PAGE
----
One thing is certain, it is much easier to be a blog contributor when you are unemployed. For nearly seven years I have been working full time for SecureWorld, an event company, and my writing went to the wayside. During this time, I bought my first home, and had a second child. Basically… life happened.
I started to get the writers itch last year when a series of life events unfolded, giving me a book idea. At the same time, I was reading Amanda Palmer’s book, The Art of Asking and felt inspired (thanks, Amanda). I serendipitously found myself traveling to Boston (where much of her book takes place) while I was reading it, and was certain it was a sign.
I recently read Elizabeth Gilbert’s Big Magic. Her belief that ideas float amongst us to be realized and embraced by a human resonated with me. Muses are real and will not wait forever. (Thank you for also inspiring me, Elizabeth.)
My oldest child left for college last fall, and I decided to take a “Writing Your Memoir” class at the community college. Yes, just like the new hit series, Mrs. Fletcher on HBO. The course was fantastic. It helped me carve out the time to write, and provided the necessary discipline I need under the pretense of “homework.”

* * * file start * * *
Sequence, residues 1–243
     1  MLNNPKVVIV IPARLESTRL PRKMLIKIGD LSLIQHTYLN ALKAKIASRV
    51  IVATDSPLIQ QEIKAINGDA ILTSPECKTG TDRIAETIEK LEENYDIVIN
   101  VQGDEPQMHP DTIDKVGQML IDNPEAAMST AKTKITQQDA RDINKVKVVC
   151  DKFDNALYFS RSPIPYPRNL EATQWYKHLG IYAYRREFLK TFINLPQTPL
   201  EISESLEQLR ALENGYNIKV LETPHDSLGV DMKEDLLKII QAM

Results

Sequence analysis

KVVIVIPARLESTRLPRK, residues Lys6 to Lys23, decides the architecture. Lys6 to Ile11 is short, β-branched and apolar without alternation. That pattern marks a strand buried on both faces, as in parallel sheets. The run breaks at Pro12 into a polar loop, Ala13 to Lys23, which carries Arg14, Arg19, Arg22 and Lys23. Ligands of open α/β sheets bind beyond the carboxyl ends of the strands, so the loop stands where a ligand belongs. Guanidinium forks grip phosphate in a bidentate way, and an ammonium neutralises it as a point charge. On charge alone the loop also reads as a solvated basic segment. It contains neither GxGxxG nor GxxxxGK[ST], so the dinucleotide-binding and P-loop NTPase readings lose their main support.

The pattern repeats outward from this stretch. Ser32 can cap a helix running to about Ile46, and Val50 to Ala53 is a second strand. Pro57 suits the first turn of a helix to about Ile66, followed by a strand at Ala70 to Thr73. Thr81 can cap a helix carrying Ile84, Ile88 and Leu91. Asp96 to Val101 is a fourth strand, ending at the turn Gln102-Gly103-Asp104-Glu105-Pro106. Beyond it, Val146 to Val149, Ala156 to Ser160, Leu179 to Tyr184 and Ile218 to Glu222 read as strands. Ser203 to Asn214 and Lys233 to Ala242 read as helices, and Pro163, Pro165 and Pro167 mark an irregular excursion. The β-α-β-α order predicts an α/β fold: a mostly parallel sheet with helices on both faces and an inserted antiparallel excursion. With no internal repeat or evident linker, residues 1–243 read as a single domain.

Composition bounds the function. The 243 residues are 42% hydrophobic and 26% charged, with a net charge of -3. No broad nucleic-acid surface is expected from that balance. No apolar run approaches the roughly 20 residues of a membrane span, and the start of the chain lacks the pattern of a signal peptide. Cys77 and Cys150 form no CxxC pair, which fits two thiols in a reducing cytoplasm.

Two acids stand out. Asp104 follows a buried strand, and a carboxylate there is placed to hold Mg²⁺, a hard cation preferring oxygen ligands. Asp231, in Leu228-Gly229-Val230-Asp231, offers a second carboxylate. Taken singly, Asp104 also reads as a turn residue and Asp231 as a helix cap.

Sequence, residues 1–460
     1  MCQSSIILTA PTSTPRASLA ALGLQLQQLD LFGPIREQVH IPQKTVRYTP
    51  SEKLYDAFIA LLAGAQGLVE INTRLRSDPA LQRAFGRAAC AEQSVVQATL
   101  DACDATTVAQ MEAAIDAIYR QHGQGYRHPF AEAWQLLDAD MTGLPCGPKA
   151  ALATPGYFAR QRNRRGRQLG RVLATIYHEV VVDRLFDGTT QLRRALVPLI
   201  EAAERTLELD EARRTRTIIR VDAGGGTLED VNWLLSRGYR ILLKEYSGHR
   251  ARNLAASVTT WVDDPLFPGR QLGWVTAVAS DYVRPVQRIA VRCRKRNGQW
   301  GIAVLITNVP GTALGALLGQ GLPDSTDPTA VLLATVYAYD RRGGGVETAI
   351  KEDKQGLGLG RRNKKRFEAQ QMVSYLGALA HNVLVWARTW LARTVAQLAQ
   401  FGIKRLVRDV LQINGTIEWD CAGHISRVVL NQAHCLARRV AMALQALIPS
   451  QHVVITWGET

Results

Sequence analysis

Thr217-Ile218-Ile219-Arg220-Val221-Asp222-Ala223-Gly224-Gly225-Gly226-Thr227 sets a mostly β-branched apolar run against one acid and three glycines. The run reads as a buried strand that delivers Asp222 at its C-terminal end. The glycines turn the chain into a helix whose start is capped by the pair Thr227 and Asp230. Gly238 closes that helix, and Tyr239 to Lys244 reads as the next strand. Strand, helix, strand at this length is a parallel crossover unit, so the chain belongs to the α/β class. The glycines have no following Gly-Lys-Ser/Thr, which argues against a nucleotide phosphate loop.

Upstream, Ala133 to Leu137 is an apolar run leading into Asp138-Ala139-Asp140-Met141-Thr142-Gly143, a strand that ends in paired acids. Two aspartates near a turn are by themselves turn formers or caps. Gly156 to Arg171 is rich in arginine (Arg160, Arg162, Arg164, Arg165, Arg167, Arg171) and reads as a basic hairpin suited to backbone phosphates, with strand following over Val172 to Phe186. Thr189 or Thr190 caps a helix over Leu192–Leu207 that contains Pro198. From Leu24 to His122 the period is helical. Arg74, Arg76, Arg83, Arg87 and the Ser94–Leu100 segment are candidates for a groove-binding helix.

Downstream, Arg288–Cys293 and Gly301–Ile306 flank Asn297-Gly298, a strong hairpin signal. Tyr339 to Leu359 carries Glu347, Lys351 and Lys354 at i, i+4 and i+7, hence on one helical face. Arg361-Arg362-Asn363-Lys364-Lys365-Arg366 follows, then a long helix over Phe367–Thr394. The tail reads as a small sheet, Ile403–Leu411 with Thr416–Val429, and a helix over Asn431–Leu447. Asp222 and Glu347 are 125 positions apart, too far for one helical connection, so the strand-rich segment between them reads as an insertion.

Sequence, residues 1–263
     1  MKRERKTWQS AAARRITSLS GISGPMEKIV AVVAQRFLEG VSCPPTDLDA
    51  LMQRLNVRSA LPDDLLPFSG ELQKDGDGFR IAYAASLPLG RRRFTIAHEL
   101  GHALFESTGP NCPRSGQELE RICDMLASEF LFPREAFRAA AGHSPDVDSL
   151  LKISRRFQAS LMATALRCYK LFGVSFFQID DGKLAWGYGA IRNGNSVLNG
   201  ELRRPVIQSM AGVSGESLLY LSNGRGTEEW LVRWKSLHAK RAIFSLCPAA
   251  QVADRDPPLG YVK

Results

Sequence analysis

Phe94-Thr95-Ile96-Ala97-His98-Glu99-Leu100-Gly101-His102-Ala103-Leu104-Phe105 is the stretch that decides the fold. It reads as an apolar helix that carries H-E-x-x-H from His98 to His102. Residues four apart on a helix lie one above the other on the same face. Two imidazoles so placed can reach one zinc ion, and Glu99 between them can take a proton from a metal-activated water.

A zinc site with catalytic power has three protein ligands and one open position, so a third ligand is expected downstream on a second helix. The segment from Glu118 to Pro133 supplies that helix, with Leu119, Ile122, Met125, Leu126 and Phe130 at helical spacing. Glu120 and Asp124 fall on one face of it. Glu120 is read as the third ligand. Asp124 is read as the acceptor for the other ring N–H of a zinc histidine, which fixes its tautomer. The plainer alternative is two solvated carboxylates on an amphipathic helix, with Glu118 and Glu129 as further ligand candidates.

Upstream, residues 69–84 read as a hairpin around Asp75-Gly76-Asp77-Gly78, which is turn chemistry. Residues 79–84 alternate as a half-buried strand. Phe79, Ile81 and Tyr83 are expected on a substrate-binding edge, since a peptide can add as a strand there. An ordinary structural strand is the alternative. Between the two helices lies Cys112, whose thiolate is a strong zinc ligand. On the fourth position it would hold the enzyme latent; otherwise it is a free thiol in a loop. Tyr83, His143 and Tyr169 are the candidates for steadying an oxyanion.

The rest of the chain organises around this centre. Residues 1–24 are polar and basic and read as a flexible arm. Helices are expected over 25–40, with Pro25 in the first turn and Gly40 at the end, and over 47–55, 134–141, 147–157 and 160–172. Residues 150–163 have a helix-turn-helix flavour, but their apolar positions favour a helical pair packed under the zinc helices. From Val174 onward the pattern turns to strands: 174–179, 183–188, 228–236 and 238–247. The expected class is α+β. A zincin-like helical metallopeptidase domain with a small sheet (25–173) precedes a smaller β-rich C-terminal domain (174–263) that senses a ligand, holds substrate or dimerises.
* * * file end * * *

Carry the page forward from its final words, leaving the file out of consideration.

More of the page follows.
Now life is very different, as it is for nearly all of us. My role at SecureWorld shifted drastically from marketing our in-person conferences, to marketing digital content. I also began writing for our “news” segment of the company. I’ve had to dust off those old writing skills, but I’ve been enjoying the change in job duties.
So, I’m back to build my online presence again. Much like I declared in this post from 2013, The Long Hiatus is Finally Over! I’m making myself accountable. Afterall, what better time than during the global pandemic?
During my Boston work / vacation trip (March 2019), my daughter and I spent half a day exploring Harvard. I stopped to pay my respects in Brattle square where Amanda Palmer was a living statue street performer in the 1990’s. This bronze memorial marionette was erected ‘in celebration of all street performers.’